While our participants are not to be blamed for individual failings, there are also not exactly any individual villains on the TV show. Throughout all our narratives and situations, a thread that connects all of them is that capitalism necessarily needs to monopolize on some people’s disadvantageous situations for anyone to come out on top. The enemy is not any single person, but the enemy is the system of capitalism itself. 

Another aim of the TV show is to highlight the humanity of our participants. Traditional media has by far shone a spotlight on the glamorous, unattainable lives of celebrities and people with “success stories” in life. People like waitstaff and janitors, cashiers and sales workers have never been portrayed as having personalities. They exist only to do their jobs of providing a service, and then suddenly they are no longer relevant in our lives. This show hopes that by featuring people in professions or communities that have been long ignored, we can bring them from an invisible sphere, into the visible. 

As an alternative to the bleakness of the plights of our participants, we will feature certain ways we can all start to back away from capitalism and form other ways of existing and being. For example, mutual aid is a way for sharing with the community so that the participants don’t rely on philanthropy, nor believe in any justification for people to be rich nor poor enough that philanthropy is required. We can also feature a few participants with more environmentally-friendly lifestyles, such as those who only make purchases in closed-loop economies or supply chains, promoting sustainability. 

The audience for this show would be people who are disillusioned or are starting to question capitalist society as it is, and who want to inspire change. To gather audiences, we would start from grassroots avenues, such as putting up posters in spaces that would support such a show. This includes socialist societies/groups in different provinces and countries, liberal arts colleges, working-class-populated bars, mom-and-pop stores, and locations frequented by people with such similar ideals. I believe the audience would be attracted to watch such a show if it were produced, for several reasons. 

First, it would be very different from any other show in production and circulation, and by virtue of novelty alone, it would be entertaining or enlightening. Secondly, as mentioned, our intended primary audience are people who are already disillusioned with capitalism, and therefore they would want to seek hope by watching similar people go through similar events in their lives, and relate more to them than anyone else they’ve ever seen on TV. Thirdly, the primary intended audience members may want to persuade their peers who don’t already hold such socialist beliefs, and having such a show in production and being broadcast, would greatly enhance the possibility of that happening, using real and unfiltered portrayals of working-class people trudging through life.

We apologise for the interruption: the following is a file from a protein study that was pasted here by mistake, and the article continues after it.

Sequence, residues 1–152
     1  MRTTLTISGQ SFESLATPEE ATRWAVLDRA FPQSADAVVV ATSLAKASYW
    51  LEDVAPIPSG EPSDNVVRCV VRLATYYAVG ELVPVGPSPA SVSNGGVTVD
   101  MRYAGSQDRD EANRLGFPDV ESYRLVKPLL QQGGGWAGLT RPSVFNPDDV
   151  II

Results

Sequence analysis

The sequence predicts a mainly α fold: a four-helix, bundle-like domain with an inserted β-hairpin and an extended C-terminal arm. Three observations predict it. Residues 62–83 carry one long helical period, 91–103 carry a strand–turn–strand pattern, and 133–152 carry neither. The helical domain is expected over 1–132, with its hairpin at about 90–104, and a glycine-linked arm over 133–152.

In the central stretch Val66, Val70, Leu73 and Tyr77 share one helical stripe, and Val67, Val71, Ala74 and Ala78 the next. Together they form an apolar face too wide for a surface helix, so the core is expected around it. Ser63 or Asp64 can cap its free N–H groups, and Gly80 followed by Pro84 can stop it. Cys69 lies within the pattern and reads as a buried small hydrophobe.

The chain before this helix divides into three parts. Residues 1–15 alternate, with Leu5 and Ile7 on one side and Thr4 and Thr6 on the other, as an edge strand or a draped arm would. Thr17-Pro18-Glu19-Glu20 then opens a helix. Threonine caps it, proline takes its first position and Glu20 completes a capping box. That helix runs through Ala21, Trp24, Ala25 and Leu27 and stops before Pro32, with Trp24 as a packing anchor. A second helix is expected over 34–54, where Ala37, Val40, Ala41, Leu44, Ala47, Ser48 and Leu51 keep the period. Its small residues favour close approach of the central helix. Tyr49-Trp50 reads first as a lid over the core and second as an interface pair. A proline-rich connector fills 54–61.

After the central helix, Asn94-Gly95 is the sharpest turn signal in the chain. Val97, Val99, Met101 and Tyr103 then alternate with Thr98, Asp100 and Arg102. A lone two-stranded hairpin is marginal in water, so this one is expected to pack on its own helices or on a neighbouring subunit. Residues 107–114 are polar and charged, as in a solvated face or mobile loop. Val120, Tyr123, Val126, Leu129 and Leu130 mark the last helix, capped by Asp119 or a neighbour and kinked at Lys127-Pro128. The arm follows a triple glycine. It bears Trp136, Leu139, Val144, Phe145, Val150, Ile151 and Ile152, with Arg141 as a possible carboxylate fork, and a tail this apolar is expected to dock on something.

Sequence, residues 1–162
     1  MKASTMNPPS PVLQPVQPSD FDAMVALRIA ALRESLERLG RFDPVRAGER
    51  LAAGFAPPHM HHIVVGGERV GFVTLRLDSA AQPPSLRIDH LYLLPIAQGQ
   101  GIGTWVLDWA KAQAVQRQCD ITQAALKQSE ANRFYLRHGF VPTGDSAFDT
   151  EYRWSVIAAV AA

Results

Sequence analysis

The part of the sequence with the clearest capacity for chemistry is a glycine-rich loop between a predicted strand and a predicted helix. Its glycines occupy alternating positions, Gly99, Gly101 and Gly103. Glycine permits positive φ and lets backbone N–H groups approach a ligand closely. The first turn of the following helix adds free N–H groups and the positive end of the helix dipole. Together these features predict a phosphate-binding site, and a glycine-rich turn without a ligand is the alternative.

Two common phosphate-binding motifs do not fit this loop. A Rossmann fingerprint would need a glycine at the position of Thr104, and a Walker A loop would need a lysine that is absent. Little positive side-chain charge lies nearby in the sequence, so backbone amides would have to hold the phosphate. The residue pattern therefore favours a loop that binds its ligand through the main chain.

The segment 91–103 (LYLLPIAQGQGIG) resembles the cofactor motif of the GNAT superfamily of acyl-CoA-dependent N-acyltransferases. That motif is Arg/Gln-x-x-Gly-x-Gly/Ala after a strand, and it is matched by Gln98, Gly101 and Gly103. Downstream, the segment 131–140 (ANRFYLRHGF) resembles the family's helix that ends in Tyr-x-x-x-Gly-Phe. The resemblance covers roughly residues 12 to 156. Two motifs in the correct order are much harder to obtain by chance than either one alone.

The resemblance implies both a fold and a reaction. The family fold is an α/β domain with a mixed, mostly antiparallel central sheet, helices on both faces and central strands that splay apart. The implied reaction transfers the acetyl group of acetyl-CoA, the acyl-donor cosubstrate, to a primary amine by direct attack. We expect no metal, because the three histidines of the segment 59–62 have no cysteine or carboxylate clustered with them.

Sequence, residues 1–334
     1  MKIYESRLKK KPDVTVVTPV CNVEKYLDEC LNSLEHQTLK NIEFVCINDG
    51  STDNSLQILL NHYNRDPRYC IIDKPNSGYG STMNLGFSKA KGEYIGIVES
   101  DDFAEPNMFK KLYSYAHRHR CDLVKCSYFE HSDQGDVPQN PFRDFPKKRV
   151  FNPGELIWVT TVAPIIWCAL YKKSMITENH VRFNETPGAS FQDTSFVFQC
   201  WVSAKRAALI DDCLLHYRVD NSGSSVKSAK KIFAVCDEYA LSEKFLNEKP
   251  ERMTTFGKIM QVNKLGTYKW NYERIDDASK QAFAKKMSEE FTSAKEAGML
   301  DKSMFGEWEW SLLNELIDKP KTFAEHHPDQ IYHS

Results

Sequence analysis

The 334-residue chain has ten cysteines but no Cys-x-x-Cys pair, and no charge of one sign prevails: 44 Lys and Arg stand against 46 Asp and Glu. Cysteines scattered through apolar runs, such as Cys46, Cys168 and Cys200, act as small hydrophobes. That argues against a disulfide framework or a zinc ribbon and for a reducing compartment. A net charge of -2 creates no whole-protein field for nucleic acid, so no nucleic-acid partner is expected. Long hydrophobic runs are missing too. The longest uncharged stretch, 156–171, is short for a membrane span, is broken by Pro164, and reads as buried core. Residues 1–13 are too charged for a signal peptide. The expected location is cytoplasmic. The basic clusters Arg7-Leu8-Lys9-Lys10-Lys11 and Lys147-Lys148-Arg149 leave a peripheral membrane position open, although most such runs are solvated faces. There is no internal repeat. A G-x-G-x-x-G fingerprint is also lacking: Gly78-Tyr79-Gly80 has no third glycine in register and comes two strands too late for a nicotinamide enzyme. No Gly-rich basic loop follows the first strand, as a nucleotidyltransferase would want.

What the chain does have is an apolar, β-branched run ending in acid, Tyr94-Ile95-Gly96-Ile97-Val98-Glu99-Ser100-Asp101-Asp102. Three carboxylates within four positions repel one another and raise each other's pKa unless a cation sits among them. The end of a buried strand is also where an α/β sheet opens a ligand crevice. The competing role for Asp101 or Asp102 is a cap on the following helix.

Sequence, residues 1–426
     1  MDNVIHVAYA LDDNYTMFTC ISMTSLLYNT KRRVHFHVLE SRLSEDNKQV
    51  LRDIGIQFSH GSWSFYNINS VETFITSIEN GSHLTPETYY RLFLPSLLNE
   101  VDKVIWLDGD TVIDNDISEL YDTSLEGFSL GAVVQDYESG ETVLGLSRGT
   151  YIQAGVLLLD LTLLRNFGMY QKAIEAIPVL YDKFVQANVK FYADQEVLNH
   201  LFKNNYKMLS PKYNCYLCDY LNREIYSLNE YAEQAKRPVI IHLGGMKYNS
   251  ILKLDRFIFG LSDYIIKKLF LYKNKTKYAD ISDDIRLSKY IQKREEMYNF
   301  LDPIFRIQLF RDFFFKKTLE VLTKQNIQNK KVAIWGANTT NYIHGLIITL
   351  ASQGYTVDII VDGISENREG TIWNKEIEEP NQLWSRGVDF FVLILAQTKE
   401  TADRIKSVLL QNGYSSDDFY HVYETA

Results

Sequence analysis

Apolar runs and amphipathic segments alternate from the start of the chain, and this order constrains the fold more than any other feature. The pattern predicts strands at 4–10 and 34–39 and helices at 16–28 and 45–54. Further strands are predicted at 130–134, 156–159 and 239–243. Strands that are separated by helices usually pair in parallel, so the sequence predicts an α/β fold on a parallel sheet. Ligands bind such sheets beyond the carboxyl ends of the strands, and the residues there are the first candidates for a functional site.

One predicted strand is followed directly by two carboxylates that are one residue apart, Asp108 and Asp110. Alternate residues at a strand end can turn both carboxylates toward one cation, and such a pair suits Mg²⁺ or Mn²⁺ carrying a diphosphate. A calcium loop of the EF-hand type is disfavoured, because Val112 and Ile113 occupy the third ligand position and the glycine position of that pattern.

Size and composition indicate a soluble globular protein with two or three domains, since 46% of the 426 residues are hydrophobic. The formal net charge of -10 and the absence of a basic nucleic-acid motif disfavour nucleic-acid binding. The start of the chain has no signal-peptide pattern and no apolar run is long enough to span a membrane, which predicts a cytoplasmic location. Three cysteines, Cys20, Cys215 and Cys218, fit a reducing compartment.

To attract revenue, we would also appeal to the socially-involved natures of such audiences, and ask for a crowdsourcing of funds for the show to be perpetuated, such that it can reach wider circulations, and hopefully spread the message to bigger audiences. 

His feedback:

In many ways this show is exactly what you describe and would have a very hard time to get 'green lit', again for exactly the reasons you describe. Yet it is an important possibility to pursue along the lines that you outline toward the end. As far as a pitch goes, you need to reorganize a bit, particularly when it comes to the 'why' questions that you answer well toward the last page or so, but for the average person listening to this pitch - most are done orally first - there will be an immediate 'poverty porn' image that harkens back to 'Good Times' or 'Welcome Back Kotter' or 'Sanford and Sons' from the 60s and 70s, or even the 'Honeymooners' from the 50s. The alternative perspective from poverty porn positions it as a fresh take and for a defined audience who, though they aren't 'rich' or constantly consuming, are what many call 'the bottom billion' who are generally ignored and are yearning for something solid. 

The one thing that I think you did well was demonstrate and describe the class struggle focus. The one thing, from a North American perspective is the issues of race, gender, and geography, though I imagine a version of this occurs in many places along similar if different social divisions. This is important because the show seeks to address an imbalance but should be mindful of creating a new one; or worse, creating a new "Honey Boo Boo" who is a poor, rural girl from the Southern US who is both famous but seemingly unaware that her fame is because people are looking at her life from a classist-urban dismissive standpoint. That level of care is hard to balance when the subjects are needed but delicate. You should look up Norman Lear’s evaluation of the unintended impact of 'All in the Family' such as we discussed in class to help solidify this. Great idea, some room for a few more nuances. 80/100